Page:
According to the US Department of Labor, Labor Day was first celebrated unofficially by labor activists and individual states in the late 1800s. New York was the first state to introduce a bill recognizing Labor Day, but Oregon was the first to incorporate it into law in 1887.

According to Valerie Steele, fashion historian and director of The Museum of the Fashion Institute of Technology, this rule was among the many style conventions used to distinguish between the upper and middle classes in the 19th century.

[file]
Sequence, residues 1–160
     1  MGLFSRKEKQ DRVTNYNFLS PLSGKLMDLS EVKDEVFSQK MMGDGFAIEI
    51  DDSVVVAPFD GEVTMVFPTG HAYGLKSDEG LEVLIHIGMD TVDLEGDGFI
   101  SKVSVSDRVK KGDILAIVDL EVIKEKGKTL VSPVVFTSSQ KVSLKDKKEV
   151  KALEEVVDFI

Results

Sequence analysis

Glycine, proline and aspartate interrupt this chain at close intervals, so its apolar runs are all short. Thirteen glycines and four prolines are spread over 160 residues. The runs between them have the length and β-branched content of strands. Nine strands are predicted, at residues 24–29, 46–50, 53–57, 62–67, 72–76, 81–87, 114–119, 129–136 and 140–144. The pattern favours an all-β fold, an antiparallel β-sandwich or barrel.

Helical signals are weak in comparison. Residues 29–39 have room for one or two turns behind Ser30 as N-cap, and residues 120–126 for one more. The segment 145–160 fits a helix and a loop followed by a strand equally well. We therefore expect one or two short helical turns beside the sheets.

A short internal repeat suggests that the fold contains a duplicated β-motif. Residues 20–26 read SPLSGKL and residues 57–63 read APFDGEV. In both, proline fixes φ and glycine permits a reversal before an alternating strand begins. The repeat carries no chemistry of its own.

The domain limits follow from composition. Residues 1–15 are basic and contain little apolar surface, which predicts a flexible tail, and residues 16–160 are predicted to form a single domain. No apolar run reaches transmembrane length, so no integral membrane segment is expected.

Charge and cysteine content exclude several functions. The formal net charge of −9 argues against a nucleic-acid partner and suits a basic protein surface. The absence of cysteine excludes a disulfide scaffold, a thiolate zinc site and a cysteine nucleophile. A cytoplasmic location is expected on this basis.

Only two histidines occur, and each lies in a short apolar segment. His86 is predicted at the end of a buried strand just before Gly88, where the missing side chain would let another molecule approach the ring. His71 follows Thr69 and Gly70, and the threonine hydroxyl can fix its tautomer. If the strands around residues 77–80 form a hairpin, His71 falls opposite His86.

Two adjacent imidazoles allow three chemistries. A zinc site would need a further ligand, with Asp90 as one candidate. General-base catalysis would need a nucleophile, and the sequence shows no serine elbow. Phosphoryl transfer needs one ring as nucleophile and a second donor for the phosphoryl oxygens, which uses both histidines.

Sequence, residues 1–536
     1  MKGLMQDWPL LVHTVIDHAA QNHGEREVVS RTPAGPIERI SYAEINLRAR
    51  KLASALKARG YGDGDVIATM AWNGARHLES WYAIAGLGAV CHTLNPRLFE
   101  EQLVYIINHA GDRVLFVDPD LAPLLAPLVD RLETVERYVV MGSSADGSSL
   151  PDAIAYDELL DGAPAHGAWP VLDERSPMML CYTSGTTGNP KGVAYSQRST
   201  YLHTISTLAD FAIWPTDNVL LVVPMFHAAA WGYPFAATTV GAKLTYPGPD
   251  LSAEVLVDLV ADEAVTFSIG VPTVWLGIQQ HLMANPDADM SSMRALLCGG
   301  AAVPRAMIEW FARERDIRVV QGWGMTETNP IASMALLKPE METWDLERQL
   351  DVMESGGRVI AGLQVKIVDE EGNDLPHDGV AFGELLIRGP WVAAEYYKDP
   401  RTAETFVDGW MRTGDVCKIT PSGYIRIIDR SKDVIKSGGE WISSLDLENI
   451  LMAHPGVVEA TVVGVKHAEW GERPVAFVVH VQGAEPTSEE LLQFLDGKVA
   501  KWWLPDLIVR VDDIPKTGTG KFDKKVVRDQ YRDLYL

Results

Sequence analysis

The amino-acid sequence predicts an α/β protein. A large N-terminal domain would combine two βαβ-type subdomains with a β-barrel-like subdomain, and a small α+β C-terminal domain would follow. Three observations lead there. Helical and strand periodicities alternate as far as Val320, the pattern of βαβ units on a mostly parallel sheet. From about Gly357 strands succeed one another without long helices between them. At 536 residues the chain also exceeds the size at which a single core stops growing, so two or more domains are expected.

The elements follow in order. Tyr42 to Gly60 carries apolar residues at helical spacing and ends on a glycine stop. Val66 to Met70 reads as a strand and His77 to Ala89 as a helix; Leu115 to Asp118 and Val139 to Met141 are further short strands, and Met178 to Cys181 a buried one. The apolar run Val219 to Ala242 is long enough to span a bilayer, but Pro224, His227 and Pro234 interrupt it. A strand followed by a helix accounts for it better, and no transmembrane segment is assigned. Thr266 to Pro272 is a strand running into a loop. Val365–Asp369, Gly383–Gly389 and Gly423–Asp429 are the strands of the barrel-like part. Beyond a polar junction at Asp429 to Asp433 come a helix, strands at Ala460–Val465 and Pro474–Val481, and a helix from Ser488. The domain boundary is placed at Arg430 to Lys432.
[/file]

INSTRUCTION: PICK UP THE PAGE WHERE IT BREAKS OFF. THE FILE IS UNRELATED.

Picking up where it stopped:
Labor Day represents the "re-entry" into city life and the retirement of the white summer dress after the summer retirement of the upper classes.

But authoritarian rule disappeared in the 1970s, Steele said. The "Youthquake" of the 1960s allowed young people to challenge old stylistic norms, including those of Labor Day.